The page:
Friday, May 3, 2024

Morning Message: Trusting His Holy Spirit

Bobservations' Column
Titled - "Trusting His Holy Spirit"
Written by:
Pastor Bob Lawrenz

A Christian female friend attended a Pastor’s Conference at a local church, and by the end of one pastor’s final conference presentation, she was doubting her salvation. Though she had professed Jesus as her Savior some 15 or 18 years prior, she became worried that her profession of faith wasn’t as sincere as it “needed” to be.

Though that Pastor’s teachings were always good, he sometimes came across as doubting his audience’s commitment to the Lord, which in turn brought some hearers also to doubt their own walk with the Lord. Chapter 3 of John’s first Epistle follows the warnings against false teachers and the spirit of antichrist. John’s words move from warnings to an assurance of an individual’s salvation, based upon the indwelling (abiding) presence of the Holy Spirit in the Believer. The spirit of antichrist will always be opposed to the Holy Spirit.

Conviction is for the Holy Spirit to bring through the Word, and teachers are to supply encouragement from the scriptures. As with the Prodigal Son in the parable, he realized his greed, and his hunger eventually, and knew right away that his father would not abandon him now that he was in need. But it would take some humility to admit to his father how wrong he had been. Even so, it was love that brought them back together. Love never fails. But if you remember the parable, the father received his son with open arms and never once humiliated the young man. In fact, the father gave him a robe and shoes to wear, and a ring for his finger.

God’s program of “Doctrine, reproof, correction, and instruction in righteousness” (2 Timothy 3:16) never includes humiliation but is uplifting to the goal of a closer walk with Jesus. It is the spirit of antichrist that tells us we are not good enough. God’s love and acceptance of us is never in question when approach Him in humility. Humility is something that we put on ourselves. Humiliation is something the others put on us.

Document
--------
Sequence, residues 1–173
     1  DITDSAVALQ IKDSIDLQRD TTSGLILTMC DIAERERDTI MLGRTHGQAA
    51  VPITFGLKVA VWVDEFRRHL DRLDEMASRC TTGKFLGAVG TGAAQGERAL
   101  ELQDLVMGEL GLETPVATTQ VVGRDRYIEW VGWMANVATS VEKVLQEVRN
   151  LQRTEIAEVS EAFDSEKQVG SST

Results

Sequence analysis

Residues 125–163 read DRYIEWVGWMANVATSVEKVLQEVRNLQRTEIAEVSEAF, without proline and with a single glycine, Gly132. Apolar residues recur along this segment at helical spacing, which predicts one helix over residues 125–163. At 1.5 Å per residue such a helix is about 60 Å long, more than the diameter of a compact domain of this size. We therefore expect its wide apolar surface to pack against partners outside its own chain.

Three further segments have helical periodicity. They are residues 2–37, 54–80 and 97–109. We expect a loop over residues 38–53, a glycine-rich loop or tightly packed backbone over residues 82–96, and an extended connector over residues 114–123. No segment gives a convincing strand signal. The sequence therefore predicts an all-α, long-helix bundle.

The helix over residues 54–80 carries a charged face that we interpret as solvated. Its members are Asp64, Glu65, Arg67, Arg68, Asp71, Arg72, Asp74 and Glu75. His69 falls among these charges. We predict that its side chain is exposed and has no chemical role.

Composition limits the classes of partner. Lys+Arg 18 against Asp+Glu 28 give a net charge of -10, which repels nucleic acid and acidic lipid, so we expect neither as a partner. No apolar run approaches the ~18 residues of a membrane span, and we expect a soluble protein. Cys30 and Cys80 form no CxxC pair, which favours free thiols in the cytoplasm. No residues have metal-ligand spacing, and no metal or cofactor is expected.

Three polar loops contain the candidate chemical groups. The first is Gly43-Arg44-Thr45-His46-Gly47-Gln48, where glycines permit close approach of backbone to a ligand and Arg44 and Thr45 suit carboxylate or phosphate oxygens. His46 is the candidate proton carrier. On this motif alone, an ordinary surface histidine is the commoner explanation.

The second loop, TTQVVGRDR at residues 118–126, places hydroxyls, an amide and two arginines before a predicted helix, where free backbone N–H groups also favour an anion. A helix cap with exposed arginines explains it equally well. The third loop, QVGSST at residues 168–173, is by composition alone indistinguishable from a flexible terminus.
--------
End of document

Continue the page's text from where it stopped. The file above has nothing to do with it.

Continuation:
John repeatedly uses the phrase “my little children” in this Epistle. He takes ownership of his readers, and like the consummate father-figure-teacher, draws the reader into that close relationship with himself and with Jesus. John’s heart-warming style has been perfected in his exile.

“A soft answer turneth away wrath: but grevious words stir up anger.” 
- Proverbs 15:1

Bobservations Column:  Audio Version

Sunday Morning's Audio Message:
1 John 2:26 - 3:10 - "Trusting His Holy Spirit"

Summary/Additional Commentary and Definitions:

This week we continue in John's first epistle, from chapter 2:28 - 3:10.

Previously, we learned that Christians have two safeguards against heresy:  the Holy Spirit and God's Word.  The Holy Spirit is doing His part.  Our part is to be obedient to Scripture.  

John presented a picture of the Christian in contrast to the antichrists.  Unbelievers depart from the fellowship, deny the faith and try to deceive the faithful.  Christians accept the faith and remain faithful.  Why?  Because of the anointing of the Spirit (v. 20), and the teaching ministry of the Holy Spirit.  God has so endowed the Christian with discernment that they ultimately will not be deceived by lies. 

As we begin our study today, starting in 1 John 2:26, John continues to contrast the differences between false and true Christians, false and true teachers, the spirit of antichrists, and the Holy Spirit. 
For the young believer, some who have not yet been taught much, it is many times difficult for them to sort out the differences.  John wants to make those distinctions clear, to know the truth from lies, true believers from heretics.  As he has already given them several doctrinal and moral tests of a true believer. John then builds up their faith, by defining the Spirit that indwells every believer.